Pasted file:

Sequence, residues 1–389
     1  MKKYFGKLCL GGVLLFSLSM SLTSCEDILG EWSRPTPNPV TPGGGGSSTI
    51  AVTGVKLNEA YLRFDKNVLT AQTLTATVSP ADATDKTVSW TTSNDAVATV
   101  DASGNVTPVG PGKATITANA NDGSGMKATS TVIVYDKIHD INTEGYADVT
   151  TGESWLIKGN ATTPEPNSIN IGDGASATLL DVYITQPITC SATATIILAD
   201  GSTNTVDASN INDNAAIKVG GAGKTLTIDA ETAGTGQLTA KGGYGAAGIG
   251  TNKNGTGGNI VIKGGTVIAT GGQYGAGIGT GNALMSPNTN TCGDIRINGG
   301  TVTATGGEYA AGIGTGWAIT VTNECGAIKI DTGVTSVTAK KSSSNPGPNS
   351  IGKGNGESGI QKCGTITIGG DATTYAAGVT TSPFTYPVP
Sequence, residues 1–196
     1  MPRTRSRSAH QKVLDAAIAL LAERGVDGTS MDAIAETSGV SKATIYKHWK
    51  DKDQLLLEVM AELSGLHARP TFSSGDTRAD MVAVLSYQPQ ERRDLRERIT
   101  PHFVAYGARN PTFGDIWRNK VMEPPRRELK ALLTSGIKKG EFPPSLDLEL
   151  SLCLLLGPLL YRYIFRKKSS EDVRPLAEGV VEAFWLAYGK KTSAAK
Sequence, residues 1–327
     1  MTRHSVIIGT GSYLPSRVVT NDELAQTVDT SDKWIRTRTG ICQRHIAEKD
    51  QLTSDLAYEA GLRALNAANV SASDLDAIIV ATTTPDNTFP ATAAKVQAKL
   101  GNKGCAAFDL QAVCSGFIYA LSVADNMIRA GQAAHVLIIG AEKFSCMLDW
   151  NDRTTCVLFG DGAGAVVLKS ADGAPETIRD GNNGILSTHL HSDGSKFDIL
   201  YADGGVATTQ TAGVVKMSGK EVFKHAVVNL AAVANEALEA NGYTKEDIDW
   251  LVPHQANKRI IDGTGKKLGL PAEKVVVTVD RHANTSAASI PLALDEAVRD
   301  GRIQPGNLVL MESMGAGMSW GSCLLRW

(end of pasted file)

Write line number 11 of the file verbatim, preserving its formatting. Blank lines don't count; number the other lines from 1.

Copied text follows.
     1  MPRTRSRSAH QKVLDAAIAL LAERGVDGTS MDAIAETSGV SKATIYKHWK